The National Museum of Fine Arts presents a series of programs, activities, virtual talks and exhibitions to celebrate the centennial anniversary of the renowned Argentine artist’s birth (1920-2020).


The anthological exhibition “León Ferrari. Recurrences”, curated by Cecilia Rabossi and Andrés Duprat scheduled for April 2020, had to be postponed due to the global emergency caused by the Covid-19 pandemic and will inaugurate the 2022 season of the Museum.


“Leon Ferrari. Recurrences” gives an account of the formal searches, and the concerns and obsessions that spanned more than half a century of the artist's prolific production. The forms of violence, power abusing, injustices, religions’ intolerance and the tragedy of war are some of the axes that Ferrari addressed in his works and writings with grace, lucidity and self-confidence, and that will be present in this exhibition.


In the entrance hall of the Bellas Artes, and as a symbol of the celebrations, his most emblematic work, "Western and Christian Civilization” (Ferrari, 1965) was mounted, so that, even when the Museum is closed to visitors, the artwork can be observed from the sidewalk. In 2021, this piece will be part of an exhibition that will tour three important museums in Europe - the Museo Nacional Centro de Arte Reina Sofía, in Madrid; the Van Abbemuseum, Eindhoven; and the Centre Pompidou, in Paris -, to later return to the Bellas Artes where it will occupy a central place in the 2022 anthological exhibition.

Simultaneously, on the website (bellasartes.gob.ar) and on the institution's social networks, the Museum will progressively share information about León Ferrari: works, writings, audiovisual material and testimonies from friends, colleagues, curators and other personalities that evoke and remember him.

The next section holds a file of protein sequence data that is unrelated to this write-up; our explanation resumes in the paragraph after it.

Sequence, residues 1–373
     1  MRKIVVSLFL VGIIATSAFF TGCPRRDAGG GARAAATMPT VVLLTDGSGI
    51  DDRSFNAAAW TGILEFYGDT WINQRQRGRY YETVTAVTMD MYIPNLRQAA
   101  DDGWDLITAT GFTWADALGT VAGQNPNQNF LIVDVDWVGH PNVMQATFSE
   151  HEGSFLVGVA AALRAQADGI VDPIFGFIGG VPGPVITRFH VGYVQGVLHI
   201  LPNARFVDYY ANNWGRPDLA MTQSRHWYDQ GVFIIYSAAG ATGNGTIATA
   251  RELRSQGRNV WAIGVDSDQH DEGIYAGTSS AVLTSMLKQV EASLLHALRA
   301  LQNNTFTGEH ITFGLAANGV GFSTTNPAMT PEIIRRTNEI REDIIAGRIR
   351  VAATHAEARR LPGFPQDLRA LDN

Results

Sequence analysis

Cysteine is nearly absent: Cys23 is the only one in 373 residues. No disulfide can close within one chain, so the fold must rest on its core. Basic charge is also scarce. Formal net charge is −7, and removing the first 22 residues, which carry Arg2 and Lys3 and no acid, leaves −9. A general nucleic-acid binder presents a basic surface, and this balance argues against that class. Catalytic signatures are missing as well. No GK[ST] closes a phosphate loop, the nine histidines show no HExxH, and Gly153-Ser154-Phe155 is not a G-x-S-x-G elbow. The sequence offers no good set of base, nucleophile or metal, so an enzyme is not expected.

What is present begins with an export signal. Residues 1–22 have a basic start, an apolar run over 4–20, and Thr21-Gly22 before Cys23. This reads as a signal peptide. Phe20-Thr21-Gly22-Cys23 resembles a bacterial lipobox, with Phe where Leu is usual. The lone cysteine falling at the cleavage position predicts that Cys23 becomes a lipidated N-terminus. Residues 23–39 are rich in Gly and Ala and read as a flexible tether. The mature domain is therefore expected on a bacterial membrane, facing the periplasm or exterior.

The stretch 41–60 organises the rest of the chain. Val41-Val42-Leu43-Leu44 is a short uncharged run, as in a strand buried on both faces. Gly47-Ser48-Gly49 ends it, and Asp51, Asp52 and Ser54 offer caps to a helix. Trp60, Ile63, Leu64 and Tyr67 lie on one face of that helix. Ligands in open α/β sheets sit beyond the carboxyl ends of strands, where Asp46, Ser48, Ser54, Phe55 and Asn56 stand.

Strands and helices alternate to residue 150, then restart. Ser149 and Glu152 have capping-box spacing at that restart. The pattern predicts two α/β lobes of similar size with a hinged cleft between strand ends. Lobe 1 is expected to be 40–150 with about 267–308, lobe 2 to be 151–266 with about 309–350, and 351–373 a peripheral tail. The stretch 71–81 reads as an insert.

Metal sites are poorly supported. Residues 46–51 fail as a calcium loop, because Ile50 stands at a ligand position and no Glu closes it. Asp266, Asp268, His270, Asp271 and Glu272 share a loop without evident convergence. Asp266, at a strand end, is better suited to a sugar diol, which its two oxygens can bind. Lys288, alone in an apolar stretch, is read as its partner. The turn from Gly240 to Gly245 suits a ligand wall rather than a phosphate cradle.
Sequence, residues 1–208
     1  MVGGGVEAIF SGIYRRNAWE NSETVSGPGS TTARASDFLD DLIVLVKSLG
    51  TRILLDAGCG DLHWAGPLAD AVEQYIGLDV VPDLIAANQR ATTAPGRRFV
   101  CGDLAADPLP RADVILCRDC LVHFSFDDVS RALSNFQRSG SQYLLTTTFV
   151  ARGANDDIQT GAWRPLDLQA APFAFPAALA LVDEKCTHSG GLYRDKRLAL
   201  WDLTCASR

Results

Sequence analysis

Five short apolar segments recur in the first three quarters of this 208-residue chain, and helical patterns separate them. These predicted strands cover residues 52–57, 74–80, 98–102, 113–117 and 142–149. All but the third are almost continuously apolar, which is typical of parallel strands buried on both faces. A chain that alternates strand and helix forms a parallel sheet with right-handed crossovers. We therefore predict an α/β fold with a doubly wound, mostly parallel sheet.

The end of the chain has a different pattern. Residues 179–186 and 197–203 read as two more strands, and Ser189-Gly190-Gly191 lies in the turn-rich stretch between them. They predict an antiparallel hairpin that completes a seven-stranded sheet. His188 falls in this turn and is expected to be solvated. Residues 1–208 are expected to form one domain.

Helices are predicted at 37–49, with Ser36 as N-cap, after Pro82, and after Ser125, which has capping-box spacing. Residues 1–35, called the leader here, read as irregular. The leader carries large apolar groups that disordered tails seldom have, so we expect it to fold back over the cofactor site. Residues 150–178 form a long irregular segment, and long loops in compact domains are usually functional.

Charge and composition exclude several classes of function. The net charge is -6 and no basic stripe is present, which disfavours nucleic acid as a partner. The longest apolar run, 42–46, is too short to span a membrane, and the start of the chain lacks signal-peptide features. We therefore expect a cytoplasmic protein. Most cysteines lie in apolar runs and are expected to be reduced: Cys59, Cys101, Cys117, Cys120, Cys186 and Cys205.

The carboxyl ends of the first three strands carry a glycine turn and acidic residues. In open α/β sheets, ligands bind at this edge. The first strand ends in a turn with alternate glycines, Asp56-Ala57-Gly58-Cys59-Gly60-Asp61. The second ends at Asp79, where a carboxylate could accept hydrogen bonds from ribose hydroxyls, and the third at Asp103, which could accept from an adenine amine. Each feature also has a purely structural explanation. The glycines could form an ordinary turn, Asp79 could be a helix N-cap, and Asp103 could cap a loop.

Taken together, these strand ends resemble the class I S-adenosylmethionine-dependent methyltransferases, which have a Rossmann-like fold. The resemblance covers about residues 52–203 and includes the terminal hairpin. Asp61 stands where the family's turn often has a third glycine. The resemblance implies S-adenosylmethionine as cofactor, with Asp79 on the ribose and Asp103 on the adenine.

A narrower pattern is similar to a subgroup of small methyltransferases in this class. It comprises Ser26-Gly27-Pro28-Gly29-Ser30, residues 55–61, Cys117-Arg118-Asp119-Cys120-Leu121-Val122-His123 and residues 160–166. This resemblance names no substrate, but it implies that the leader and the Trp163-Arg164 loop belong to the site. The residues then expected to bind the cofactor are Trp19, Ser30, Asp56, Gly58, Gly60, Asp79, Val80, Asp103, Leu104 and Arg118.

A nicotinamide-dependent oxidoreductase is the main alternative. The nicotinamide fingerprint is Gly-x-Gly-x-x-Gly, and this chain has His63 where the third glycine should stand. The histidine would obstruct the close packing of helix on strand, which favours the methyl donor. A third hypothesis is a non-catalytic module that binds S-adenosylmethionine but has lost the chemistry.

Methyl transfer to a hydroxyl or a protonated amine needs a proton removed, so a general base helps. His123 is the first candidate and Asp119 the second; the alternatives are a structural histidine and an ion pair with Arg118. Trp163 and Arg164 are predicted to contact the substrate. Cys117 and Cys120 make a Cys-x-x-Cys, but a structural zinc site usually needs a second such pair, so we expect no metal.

Andrés Duprat, director of the Fine Arts, put in words about León Ferrari:

I had the joy of being his friend and knowing him in private. In addition to being a great artist, he was a man of exceptional qualities, broad generosity and a keen intelligence marked by extraordinary nobility. He was someone absolutely committed not only to his work, but to anyone who required his help, promoting young artists, even financially assisting those who needed it. Studious, prolific, supportive, owner of a remarkable lucidity and sense of humor, at times fierce, without ties, typical of the freethinker that he was. His engineering training gave him method and rigor; nothing is casual or superficial in his works, the fruit of meditations that have matured sometimes for decades and of technical, artisan work, obsessively cultivated to perfection.


In his career he put his aptitude in various trades at stake. A multidisciplinary artist, he was a painter, printmaker, draftsman, sculptor, also a great theorist and controversialist. He ventured into other disciplines, such as music, dramaturgy, film production, and essay writing. His formal experimentations included carvings and ceramics; wire structures conceived as geometric constructions and abstract drawings; overflowing writings, transcriptions and calligraphies; collages, Brailles and assemblages that, by putting dissimilar elements in dialogue, generate new meanings, not exempt from humor and denunciation; paranoid architecture sketches, impossible city designs and expanded polyurethane planets, among other searches. He was definitely a humanist, a contemporary Renaissance-style personality, interested in everything that concerns man and his circumstances”.